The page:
However, with this wide array of available medications comes different ways of inhaling these medications.  There are at least five different types of inhaler devices.  Sometimes, patients may be described three different types of inhalers which can make properly using these medications problematic.  Any patient who has been prescribed an inhaler in our office should be comfortable using this medicine by the time they leave the office.  Also, patients who have follow-up visits to our office are welcome to review their inhalers with our staff.  All of our (nursing?) staff is trained in the proper use of the inhalers.  If you are confused as to how your inhaler or your child’s inhaler is to be used properly, we are always available to review this with you.  The proper use of a medication is often more important than the strength of the medication in helping a patient.

 

What Makes A Good Doctor?

 

        Increasingly, patients are finding it increasingly challenging to find good doctors.  Patients have the right to be taken care of by a good doctor.  Patients have a right to seek whatever care they want with whatever doctor they want.  But what really defines a good doctor?  Although each of us may be able to make our own list, an appropriate list includes the following:

 

1.  A good doctor listens.  Due to time constraints, computers, electronic medical records, and our digital/lack of communication-society, it is increasingly less common for physicians to listen to their patient’s concerns.  At times it seems as if a physician cannot even address a patient’s concerns as the doctor is concerned about something else that may be going on with the patient but is not of utmost concern for the patient.  A good doctor will always list the patient’s concerns first and other pressing concerns will be addressed after the patient’s concerns are first addressed.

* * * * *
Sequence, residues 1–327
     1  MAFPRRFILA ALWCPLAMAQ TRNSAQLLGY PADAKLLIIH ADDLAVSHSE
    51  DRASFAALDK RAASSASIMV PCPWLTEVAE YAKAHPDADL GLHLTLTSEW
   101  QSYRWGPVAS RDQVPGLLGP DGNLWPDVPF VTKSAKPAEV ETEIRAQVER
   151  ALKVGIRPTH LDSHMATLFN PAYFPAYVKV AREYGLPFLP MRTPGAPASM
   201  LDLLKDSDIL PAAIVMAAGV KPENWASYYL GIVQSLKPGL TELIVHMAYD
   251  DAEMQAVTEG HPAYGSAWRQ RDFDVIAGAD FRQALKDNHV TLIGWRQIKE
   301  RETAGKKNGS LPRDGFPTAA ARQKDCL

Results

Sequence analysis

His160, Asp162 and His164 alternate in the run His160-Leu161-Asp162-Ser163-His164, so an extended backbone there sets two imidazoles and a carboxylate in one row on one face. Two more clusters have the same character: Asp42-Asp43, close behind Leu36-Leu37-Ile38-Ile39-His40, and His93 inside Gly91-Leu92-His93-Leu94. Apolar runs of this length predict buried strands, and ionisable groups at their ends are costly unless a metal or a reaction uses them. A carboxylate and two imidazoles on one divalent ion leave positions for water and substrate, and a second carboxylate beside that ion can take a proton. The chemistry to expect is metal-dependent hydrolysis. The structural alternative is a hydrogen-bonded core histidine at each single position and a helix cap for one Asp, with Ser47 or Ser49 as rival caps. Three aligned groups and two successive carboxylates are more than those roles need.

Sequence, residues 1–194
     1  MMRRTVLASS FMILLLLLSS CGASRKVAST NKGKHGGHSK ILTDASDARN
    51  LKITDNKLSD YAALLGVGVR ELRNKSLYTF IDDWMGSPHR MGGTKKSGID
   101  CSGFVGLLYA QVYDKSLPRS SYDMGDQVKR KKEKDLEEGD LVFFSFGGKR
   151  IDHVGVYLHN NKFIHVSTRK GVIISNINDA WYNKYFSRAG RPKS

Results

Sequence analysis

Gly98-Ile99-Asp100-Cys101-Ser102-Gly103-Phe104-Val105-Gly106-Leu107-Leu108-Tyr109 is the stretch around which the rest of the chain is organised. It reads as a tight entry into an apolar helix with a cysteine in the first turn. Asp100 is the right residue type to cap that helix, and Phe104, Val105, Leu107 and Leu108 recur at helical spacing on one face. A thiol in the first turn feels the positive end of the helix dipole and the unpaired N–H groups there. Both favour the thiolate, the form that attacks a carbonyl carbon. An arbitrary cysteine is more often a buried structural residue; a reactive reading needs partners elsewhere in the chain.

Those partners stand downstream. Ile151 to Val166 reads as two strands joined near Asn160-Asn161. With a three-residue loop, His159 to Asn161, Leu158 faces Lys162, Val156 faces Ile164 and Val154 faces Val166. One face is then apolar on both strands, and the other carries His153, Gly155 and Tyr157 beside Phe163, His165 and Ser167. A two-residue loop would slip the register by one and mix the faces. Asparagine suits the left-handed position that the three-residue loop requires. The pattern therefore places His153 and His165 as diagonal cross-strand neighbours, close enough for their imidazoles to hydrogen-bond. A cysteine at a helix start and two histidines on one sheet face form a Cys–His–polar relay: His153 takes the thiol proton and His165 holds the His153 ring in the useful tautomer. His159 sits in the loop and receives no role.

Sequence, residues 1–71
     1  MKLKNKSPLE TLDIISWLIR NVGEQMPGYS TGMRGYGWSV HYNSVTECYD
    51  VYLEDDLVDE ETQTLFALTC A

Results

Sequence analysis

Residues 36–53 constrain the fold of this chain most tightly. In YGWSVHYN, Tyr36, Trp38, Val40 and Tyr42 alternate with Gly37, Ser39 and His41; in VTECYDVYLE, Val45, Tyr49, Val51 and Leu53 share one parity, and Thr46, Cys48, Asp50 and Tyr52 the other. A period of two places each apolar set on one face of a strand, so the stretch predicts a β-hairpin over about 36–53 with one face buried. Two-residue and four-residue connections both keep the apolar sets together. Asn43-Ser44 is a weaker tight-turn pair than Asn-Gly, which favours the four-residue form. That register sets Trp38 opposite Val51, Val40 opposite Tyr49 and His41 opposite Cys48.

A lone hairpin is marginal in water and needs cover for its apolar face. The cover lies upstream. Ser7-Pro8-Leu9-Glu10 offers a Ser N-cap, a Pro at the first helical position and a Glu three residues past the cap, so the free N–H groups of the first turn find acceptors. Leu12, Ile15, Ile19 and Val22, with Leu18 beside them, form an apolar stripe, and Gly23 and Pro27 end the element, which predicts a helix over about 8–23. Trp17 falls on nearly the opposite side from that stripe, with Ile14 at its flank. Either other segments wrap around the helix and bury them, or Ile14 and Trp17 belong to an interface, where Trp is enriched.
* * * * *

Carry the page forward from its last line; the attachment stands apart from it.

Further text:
2.  A good doctor cares.  Caring is simple.  It is not always easy.  Caring involves being inconvenienced.  Caring involves empathy, i.e., understanding the patient’s concerns but not becoming emotionally involved in the patient’s concerns.  Doctors must have a certain amount of emotional detachment in order to remain objective and be able to help patients, especially in crisis situations.

 

3.  A good doctor is passionate about learning.

 

4.  A good doctor is passionate about the profession of medicine.  Good doctors are proud to be doctors, are respectful of others who are not doctors and know their very special and important role in society. 

 

5.  A good doctor is available after hours.  Illness does not carry regular office hours, Monday through Friday.  Although doctors do need time off and have personal commitments with family, good doctors are available within reason for their patients at all times.

 

6.  Good doctors respect not only the patients, but their staff and their fellow doctors.  Doctors are some of the most critical of others in their profession.  Doctors are often asked to make second opinions of their colleagues.  This is very reasonable as it gives patients choices and aids them, especially with regard to big decisions.  Walking the line of constructive criticism with our colleagues vs. outright scorn of colleagues is sometimes difficult.

 

7.  The priorities of a good doctor are as follows:  God, family, patients, staff and community.  All of these are important and a doctor who can appropriately prioritize these in this order is a good doctor.